Kidney stones are comprised of salts and minerals in the urine that bind together, forming small crystals that build up inside of the kidney. Kidney stones may be as small as a grain of sand or as large as a golf ball. They are usually painless while in the kidney but can cause severe pain if small pieces of these crystals break off and travel through the narrow tubes (ureters) to the bladder. When the crystals do break off, the pain is often unmistakable and can be quite severe. While some stones do pass out of the body on their own, others can get trapped in one of the ureters, and may even require surgical intervention.
When the pain of a kidney stone strikes, Dr. Fenig will evaluate you and determine if surgical intervention is required to relieve your symptoms and remove the stone safely.
Symptoms of Kidney Stones
Symptoms of kidney stones may include:
- Sudden intense pain in your back or side near your kidney, which may radiate toward your abdomen, groin or genitals
- Nausea and/or vomiting
- Blood in your urine
- Frequent and painful urination
- Fever, especially if accompanied by other symptoms (may be an emergency if a stone is blocking the ureter or infection is present in the urine)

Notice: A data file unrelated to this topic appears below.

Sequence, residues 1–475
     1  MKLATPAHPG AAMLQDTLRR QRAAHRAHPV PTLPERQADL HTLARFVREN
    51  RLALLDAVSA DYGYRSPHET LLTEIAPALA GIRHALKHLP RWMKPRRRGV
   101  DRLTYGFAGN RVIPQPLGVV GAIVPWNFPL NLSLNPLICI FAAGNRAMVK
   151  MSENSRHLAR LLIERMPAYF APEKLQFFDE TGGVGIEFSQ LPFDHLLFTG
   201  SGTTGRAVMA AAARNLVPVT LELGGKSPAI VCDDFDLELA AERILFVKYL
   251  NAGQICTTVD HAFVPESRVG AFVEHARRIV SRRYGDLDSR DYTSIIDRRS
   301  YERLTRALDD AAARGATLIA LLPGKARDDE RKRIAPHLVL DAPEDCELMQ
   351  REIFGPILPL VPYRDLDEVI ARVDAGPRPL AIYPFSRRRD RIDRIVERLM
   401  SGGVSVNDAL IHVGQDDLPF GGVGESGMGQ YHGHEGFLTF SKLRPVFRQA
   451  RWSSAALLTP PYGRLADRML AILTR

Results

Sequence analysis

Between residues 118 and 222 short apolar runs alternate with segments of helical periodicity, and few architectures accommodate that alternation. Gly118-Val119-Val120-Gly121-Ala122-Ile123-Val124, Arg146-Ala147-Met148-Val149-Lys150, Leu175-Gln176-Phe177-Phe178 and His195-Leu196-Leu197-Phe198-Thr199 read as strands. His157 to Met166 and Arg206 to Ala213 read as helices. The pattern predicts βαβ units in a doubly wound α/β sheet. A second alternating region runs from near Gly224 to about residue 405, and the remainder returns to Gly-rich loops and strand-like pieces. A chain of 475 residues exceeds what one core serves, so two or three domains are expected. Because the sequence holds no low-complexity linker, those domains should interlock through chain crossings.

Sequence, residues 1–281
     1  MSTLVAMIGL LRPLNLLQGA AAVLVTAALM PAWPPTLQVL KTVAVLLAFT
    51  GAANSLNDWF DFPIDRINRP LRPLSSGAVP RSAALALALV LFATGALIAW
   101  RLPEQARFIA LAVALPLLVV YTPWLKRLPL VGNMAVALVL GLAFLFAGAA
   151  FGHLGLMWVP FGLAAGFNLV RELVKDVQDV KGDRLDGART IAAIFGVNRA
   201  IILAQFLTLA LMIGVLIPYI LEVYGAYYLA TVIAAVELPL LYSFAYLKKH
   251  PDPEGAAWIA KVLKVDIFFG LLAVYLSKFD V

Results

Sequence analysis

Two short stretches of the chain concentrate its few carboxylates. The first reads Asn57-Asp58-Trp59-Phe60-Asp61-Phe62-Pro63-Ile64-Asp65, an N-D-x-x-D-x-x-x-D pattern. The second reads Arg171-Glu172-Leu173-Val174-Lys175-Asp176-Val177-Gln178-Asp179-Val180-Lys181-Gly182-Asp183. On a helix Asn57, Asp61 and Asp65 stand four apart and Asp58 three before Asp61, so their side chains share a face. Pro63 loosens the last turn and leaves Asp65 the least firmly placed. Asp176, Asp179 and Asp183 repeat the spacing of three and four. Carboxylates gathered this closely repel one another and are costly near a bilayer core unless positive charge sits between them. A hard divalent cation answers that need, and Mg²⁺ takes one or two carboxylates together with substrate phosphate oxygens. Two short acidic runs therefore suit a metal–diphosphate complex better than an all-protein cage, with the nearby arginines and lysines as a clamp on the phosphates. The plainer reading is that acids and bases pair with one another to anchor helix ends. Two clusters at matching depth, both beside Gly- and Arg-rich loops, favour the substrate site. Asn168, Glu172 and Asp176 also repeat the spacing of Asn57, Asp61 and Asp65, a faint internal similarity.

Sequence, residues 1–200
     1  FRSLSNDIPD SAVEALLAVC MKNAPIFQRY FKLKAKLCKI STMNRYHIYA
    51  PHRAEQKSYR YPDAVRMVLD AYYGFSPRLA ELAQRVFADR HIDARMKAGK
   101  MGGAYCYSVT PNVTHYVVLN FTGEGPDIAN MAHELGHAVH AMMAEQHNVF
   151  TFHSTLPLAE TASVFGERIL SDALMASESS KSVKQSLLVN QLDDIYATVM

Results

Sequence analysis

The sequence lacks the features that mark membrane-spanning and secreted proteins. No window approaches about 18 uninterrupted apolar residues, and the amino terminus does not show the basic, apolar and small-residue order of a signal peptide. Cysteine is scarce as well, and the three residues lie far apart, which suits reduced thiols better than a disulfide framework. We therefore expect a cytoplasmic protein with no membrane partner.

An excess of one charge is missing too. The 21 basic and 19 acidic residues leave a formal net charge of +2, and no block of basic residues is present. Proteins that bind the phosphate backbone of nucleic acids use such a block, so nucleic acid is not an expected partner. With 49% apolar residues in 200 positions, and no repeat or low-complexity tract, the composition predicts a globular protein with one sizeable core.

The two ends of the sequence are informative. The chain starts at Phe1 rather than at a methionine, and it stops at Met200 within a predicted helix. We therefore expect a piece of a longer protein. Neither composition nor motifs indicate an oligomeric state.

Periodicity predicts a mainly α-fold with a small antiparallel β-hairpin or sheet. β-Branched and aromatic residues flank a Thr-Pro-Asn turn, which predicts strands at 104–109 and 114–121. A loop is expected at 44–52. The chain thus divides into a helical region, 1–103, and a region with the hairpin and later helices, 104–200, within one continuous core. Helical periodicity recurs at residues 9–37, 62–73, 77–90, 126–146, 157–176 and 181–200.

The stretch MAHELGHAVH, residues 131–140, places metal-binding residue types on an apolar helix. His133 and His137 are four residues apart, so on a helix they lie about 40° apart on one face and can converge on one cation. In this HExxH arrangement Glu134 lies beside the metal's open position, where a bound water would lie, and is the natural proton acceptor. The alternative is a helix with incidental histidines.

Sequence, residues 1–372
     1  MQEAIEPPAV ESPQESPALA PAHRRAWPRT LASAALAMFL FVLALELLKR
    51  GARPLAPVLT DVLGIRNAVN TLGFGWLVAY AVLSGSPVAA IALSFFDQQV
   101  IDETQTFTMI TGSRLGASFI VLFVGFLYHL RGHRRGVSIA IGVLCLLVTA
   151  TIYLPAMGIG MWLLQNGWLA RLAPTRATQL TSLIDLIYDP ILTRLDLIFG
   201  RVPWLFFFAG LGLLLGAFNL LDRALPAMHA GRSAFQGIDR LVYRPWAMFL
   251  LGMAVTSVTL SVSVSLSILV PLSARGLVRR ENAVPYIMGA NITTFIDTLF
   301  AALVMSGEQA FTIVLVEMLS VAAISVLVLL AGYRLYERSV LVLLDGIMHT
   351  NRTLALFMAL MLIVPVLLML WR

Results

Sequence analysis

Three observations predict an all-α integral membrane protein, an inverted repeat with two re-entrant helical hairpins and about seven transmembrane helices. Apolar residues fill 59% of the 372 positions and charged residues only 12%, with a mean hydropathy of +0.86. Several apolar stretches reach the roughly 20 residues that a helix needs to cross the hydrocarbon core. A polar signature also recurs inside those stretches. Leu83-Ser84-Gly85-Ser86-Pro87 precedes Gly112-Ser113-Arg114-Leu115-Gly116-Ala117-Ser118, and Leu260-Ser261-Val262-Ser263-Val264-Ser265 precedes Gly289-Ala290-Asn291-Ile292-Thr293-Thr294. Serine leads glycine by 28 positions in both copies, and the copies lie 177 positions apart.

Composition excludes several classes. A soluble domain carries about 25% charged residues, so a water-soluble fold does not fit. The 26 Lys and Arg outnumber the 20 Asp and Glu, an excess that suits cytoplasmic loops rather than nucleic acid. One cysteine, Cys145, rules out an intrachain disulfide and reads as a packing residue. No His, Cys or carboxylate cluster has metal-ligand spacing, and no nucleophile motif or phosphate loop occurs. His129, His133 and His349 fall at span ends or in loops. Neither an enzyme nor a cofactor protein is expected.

- Caucasian males, ages 20 – 60 years
- A diet too high in salt, calcium or oxalates (such as spinach, chocolate, nuts), or a high protein diet
- Family history of kidney stones or a previous stone
- Metabolic diseases (such as hyperparathyroidism or gout)
- Inactive lifestyle or prolonged bed rest
- Frequent urinary tract infections or other bladder problems
- Inflammatory bowel disease (IBD) such as Crohn's disease
- Certain rare hereditary disorders
If a kidney stone is suspected, Dr. Fenig will take a detailed medical history and perform a thorough physical exam. He may also order one of the following tests to determine if and where a stone exists:
- Plain X-ray ("KUB" of the kidneys, ureters and bladder)
- CT scan
Many kidney stones do not require treatment or will pass without surgery. However, if your kidney stone is large or will not pass on its own, Dr. Fenig can perform one of several procedures:
- Extracorporeal Shock Wave Lithotripsy (ESWL) - shock waves pass through the body and break up the kidney stone into smaller, more easily passable fragments.
- Ureteroscopy with Lithotripsy - a special videoscope is passed into the urinary tract, where the stone can be grasped or broken into smaller pieces with a laser.
- Percutaneous Nephrolithotomy - a videoscope is placed directly into the kidney from the back to break up and remove large or complicated stones.
Reduce Your Risk of Kidney Stones
To help prevent kidney stones or a recurrence of kidney stones if you have already developed this condition, Dr. Fenig recommends that you:
- Drink 8-10 glasses of water per day
- Use fresh squeezed lemons or lemon juice in water (not store-bought lemonade)
- Reduce salt intake
- Decrease animal protein intake (chicken, beef, fish – in moderation)
- Avoid foods high in oxalate for some patients
- Take special medications
- Normal calcium intake (not megadoses)